Laos is one of the world's poorest countries, rivaling Chad in Central Africa in having one of the world's highest maternal death rates - problems related to pregnancy kill one mother for every 2,000 births, mainly in childbirth.

With the government able to spend less than $2 per person annually for health care, officials have been reluctant to take on debt.
"We try our best to utilize the grants first, and we reserve the loans for emergency response," Dr. Phengta said. That emergency response has not been needed.

Unlike in neighboring Vietnam, Thailand and China, where live poultry is often transported large distances to markets, sometimes on bicycles, most chickens and ducks in sparsely populated Laos are raised in backyards and eaten by their owners. That limits the spread of the disease, Dr. Somphanh said.

Turkey has captured international attention with 18 human cases, three of them fatal, in the past two weeks.

But Dr. Shigeru Omi, the World Health Organization's regional director for the Western Pacific, noted Thursday that Asia remains the center of the disease because contact between infected birds and humans is greatest in this region.

Laotian government officials reported to the W.H.O. within hours on a weekend last September the country's only suspected human case of bird flu so far. A lab in Japan determined it was a false alarm.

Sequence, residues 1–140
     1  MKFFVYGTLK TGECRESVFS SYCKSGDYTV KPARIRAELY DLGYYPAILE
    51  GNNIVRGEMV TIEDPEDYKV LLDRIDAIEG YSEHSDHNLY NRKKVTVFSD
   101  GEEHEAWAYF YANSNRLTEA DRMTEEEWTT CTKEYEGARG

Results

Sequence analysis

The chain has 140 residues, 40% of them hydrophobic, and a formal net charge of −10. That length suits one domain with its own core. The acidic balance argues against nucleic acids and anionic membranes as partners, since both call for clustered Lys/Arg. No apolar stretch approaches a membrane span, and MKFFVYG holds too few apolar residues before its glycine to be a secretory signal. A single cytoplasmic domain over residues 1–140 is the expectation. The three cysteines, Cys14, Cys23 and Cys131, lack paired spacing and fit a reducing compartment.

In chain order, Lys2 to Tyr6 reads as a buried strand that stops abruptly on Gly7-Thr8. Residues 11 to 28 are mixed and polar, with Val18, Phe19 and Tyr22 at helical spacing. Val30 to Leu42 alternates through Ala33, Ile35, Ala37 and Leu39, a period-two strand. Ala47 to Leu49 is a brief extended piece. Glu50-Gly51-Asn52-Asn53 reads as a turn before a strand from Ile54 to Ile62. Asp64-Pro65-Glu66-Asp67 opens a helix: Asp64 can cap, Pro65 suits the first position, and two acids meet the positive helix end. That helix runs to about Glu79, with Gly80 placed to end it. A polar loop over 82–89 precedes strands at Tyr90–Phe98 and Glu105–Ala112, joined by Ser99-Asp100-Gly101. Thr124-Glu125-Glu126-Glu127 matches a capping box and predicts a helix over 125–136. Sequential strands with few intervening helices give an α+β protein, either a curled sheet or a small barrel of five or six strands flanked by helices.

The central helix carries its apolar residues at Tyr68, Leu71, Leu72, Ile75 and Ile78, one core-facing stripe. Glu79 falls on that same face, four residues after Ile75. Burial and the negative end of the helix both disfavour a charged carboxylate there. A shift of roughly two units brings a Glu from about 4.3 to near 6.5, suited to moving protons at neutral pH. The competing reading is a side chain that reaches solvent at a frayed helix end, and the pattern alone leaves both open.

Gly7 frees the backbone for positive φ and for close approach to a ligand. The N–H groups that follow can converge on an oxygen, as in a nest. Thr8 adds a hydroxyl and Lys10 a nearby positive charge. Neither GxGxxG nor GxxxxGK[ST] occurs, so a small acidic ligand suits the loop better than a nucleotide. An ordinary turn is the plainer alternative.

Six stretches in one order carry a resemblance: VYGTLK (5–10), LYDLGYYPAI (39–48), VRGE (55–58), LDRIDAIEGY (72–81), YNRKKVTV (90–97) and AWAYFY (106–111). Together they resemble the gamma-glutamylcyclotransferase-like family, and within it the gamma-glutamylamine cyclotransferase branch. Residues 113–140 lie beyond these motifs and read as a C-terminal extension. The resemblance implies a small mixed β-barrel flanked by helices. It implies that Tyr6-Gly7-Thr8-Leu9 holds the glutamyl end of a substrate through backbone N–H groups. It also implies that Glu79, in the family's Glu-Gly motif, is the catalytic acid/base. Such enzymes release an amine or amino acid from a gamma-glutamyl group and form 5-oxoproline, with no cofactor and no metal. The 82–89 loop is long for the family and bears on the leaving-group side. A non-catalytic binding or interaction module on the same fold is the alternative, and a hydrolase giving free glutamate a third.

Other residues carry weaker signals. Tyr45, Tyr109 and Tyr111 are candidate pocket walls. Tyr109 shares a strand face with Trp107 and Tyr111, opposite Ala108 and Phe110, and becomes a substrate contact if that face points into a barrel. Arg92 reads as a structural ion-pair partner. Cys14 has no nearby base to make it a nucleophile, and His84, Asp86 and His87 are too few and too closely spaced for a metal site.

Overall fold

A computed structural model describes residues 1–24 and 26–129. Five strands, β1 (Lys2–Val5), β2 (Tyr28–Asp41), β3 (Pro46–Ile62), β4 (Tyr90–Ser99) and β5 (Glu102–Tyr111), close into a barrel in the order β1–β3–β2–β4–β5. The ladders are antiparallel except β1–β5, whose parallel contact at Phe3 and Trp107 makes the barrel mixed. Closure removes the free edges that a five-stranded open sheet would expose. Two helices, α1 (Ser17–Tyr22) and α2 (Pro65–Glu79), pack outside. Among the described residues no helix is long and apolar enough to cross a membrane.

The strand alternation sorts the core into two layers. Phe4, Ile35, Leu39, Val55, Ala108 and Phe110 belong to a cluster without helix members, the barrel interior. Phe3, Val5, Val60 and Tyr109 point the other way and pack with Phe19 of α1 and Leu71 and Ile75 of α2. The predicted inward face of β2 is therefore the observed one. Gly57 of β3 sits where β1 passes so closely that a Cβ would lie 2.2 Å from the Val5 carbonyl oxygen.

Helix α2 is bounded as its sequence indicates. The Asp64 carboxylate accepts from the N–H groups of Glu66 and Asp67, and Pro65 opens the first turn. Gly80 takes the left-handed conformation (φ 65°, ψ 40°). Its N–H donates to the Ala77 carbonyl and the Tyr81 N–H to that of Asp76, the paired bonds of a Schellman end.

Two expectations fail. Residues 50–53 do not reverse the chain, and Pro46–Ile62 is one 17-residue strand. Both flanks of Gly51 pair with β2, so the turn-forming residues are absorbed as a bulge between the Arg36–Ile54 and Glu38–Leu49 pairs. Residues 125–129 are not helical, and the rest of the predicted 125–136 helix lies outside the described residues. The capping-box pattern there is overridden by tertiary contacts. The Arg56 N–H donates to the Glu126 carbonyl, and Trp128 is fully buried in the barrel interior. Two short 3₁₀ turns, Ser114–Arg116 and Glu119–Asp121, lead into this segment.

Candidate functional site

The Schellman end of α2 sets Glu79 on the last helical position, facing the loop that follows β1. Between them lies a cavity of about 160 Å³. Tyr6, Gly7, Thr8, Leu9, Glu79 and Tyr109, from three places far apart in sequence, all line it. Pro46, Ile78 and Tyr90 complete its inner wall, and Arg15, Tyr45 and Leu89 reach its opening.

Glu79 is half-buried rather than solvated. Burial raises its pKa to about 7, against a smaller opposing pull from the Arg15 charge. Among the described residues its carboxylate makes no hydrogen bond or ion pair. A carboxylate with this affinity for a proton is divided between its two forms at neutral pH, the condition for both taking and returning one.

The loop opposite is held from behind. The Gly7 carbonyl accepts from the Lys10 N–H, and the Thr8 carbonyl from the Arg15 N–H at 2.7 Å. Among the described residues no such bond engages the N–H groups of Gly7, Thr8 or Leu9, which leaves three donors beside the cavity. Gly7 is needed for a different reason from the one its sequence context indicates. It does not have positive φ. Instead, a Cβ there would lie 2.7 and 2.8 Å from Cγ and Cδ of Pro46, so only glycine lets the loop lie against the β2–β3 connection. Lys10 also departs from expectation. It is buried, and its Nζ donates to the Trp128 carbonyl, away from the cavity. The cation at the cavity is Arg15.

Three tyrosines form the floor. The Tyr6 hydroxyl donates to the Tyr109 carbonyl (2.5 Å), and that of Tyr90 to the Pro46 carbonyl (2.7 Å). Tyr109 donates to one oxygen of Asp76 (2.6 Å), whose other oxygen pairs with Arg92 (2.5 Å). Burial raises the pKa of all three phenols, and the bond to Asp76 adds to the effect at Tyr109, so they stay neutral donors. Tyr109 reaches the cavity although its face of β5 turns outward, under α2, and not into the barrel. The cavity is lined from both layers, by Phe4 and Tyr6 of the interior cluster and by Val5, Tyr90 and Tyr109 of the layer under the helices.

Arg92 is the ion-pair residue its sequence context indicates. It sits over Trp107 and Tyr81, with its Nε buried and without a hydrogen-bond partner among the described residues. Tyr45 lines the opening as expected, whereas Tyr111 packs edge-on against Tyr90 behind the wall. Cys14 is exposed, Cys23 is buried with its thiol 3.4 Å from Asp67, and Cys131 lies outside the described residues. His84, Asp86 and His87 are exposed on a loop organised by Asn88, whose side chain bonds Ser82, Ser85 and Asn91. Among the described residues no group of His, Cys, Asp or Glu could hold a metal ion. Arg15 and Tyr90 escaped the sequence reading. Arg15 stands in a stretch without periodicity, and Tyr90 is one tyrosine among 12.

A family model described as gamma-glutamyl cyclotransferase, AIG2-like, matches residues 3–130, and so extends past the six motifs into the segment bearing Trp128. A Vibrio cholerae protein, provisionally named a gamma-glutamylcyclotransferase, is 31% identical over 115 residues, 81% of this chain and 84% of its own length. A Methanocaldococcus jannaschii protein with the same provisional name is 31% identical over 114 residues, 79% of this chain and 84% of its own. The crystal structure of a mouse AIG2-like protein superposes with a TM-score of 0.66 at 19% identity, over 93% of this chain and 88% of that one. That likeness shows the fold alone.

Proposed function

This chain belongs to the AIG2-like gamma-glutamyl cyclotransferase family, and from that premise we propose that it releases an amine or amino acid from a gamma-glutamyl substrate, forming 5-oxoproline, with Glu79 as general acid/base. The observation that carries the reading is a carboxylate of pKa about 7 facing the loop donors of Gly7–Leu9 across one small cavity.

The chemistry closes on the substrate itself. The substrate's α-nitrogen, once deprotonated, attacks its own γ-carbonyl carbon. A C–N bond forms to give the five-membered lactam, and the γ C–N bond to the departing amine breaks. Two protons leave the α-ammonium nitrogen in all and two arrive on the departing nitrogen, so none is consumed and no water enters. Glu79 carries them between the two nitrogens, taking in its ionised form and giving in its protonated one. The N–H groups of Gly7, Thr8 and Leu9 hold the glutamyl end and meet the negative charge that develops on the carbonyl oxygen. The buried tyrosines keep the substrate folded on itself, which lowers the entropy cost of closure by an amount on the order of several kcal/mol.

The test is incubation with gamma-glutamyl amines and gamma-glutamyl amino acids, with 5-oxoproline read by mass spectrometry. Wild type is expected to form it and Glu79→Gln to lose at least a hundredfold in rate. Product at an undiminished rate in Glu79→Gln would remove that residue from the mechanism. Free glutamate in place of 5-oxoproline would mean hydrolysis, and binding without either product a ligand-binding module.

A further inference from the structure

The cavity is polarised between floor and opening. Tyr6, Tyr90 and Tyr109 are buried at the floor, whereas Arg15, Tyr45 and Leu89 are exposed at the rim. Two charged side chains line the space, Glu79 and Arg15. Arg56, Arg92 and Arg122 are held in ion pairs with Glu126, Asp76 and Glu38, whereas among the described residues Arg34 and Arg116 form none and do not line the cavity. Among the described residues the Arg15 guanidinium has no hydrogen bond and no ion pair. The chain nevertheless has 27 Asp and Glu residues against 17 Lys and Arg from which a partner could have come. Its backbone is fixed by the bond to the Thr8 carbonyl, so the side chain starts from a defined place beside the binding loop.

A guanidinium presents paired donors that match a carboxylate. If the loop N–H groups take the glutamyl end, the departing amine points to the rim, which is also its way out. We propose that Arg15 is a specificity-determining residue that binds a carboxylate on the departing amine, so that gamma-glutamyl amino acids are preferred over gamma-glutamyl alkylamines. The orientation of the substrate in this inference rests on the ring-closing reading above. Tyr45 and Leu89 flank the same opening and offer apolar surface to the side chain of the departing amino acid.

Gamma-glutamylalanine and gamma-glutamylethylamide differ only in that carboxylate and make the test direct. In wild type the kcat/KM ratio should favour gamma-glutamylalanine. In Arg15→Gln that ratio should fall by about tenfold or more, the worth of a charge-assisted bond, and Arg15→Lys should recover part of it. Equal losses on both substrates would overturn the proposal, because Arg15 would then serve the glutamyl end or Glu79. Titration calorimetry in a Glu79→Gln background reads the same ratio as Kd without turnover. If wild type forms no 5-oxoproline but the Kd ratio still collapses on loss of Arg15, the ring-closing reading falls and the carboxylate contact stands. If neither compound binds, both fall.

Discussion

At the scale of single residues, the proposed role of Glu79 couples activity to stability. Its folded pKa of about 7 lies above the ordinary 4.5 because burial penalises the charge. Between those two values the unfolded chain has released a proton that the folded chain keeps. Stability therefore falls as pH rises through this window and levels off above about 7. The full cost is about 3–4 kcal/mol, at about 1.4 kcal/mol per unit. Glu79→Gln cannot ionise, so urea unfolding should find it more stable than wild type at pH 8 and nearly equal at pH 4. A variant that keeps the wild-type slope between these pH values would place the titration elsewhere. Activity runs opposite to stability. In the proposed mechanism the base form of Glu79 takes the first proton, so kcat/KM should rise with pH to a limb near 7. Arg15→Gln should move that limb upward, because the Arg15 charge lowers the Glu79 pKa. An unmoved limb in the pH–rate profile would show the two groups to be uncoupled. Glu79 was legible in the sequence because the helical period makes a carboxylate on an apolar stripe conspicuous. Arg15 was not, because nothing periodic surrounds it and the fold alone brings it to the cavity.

The quick notification was one of several signs that Laos does not appear to be concealing any bird flu cases, although it may be hard at times even for the government to determine what is happening in the one-third of Laotian villages that lie a day's walk or more from the nearest road of any sort, said Dr. Dean A. Shuey, the top World Health Organization official in Laos.

Dr. Shuey's aunt and grandmother died in the Spanish influenza outbreak of 1918, which scientists now attribute to another avian influenza virus. Despite that family history, Dr. Shuey of Nebraska says he worries that too much emphasis now on bird flu may create problems for Laos's health system.

"The intense donor meetings, the number of conferences, the travel is taking a lot of time for people who have other things to do," he said.
The United States, Japan and the European Union have donated advanced virus freezers and other high-tech gear to help Laotians gather any viral samples and ship them to labs in rich countries as fast as possible, where they can be analyzed for the possible creation of a vaccine.

But with flu vaccine production capacity short in industrialized countries, no one expects Laos, with no vaccine factories, to receive more than a few doses of any vaccine.

American aid has included hundreds of sets of masks, goggles and full-body suits that would be sweltering in the tropical climate here and that have limited use except for slaughtering sick birds.

Dr. Phengta called for general-purpose protective equipment. Health workers in Laos now receive only one gown and one surgical mask each year.

Laos, Apparently Without Bird Flu, Is Still Pressed by the West to Join Global Fight - New York Times